Changing gender stereotype, one ‘Pink Ladoo’ at a time


Being a girl, I have always wondered why people don’t rejoice much when a baby girl is born in their homes. Why does it become a halfway joy? In many countries, especially in the Asian region, such as, Pakistan, India and China, girls are considered to be a ‘burden’ by birth.

Generally, when a baby comes into this world, typical celebrations comprise of bouquets of flowers, pink or blue balloons (depending on gender) and a lot of sweets that are distributed amongst family and friends. Why wouldn’t it be a moment for the parents to celebrate? It’s considered to be one of the happiest moments of any person’s life, right?

However, in many traditional South Asian families, there is a cut in that joy of celebration because it ends up being a baby girl. When Pakistanis/Indian sweets called ‘ladoos’ are not distributed at the birth of a baby with the saying ‘badiyah’ – the Punjabi word meaning congratulations – it is thought to be a symbol that the baby is a girl. In our time although, it has finally started to turn to be evident that girls are no longer measured to be a burden, the question still exists in a lot of families as to why does the giving out of ‘ladoos’ only associate with boys?

When I first saw the picture of the ladoo, and then moved on to read its caption, it filled my heart with joy to see it as one of the most beautiful sweets I have come across. Only for one sole reason. It was a sweet to celebrate a baby girl and remove gender inequality out of our lives! Being the only girl in my family, it elevated this feeling even more because just maybe, my parents didn’t even celebrate as they did for my brothers. But, that is all just about to change – all thanks to this one daughter.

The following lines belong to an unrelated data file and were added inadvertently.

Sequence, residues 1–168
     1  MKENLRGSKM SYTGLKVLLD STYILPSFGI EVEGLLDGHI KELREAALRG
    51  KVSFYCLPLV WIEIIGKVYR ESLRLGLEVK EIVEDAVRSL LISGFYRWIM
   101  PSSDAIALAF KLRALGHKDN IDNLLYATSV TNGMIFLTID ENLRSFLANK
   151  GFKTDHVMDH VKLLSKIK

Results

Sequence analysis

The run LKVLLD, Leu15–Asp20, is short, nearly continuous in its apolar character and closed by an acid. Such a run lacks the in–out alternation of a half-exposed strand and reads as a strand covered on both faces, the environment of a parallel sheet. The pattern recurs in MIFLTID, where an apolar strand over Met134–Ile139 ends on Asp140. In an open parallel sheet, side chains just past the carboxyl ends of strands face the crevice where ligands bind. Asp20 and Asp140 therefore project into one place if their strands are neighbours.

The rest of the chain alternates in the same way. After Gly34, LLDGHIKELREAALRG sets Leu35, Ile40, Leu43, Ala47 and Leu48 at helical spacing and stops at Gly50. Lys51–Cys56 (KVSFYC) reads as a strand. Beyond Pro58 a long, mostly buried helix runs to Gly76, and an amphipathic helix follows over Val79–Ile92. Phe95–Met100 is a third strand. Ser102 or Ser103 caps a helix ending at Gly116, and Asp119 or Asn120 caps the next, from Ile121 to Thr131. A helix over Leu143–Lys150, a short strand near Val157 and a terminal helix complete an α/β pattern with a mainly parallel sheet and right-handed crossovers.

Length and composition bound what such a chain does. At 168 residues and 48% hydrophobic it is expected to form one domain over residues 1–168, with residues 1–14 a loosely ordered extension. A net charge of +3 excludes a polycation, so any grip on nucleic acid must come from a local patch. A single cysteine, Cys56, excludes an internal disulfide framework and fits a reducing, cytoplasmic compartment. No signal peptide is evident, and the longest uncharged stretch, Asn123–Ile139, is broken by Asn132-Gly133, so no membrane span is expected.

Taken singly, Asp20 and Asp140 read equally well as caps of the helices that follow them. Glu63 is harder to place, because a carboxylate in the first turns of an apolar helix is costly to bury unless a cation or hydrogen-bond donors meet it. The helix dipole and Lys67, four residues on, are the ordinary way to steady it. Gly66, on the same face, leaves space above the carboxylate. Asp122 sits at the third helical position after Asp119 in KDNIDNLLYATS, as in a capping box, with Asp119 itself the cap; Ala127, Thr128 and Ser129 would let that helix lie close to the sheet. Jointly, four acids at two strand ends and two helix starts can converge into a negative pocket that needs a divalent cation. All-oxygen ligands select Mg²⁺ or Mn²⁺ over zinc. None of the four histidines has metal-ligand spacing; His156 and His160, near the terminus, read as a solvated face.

This outstanding girl named Raj Khaira, London-based, Wolverhampton born founder, is altering this dogma with her new ‘Equality is Sweet (Pink Ladoo)’ Campaign, designed at wiping out gender discrimination. The awesome pink campaign intends to challenge the starting source of inequality, especially within South Asian communities where this problem exists, by motivating families to celebrate the birth of child regardless of any gender as happily and equally.

The campaign launched on Sunday, October 11, which is also the International Day of Girl Child, a day that has been demarcated by the UN to endorse girls’ human rights and highlight gender inequalities that persist between girls and boys.

The day will manifest at Birmingham Women’s Hospital by Raj and a group of volunteers, who will be giving out a box of pink ladoos to every baby born, be it a baby boy or girl. The purpose is to inspire families to accept with pride in the birth of all children heedlessly of gender and to celebrate the births of boys and girls equally. Tons of Asian sweet shops across the UK have agreed to offer pink ladoo to their customers in support of the campaign in hopes to further encourage gender equality.

Raj Khaira, founder of the campaign, said:

“Currently, there is no tradition to mark the birth of a girl.This gender-biased practice sends a message from birth to Asian girls that they are worth less than their male counterparts. I want to raise the status and value of baby girls and transform attitudes towards women by changing this tradition.”

I can’t wait to have a pink ladoo of my own, both the sweet and the little bundle of joy as a parent.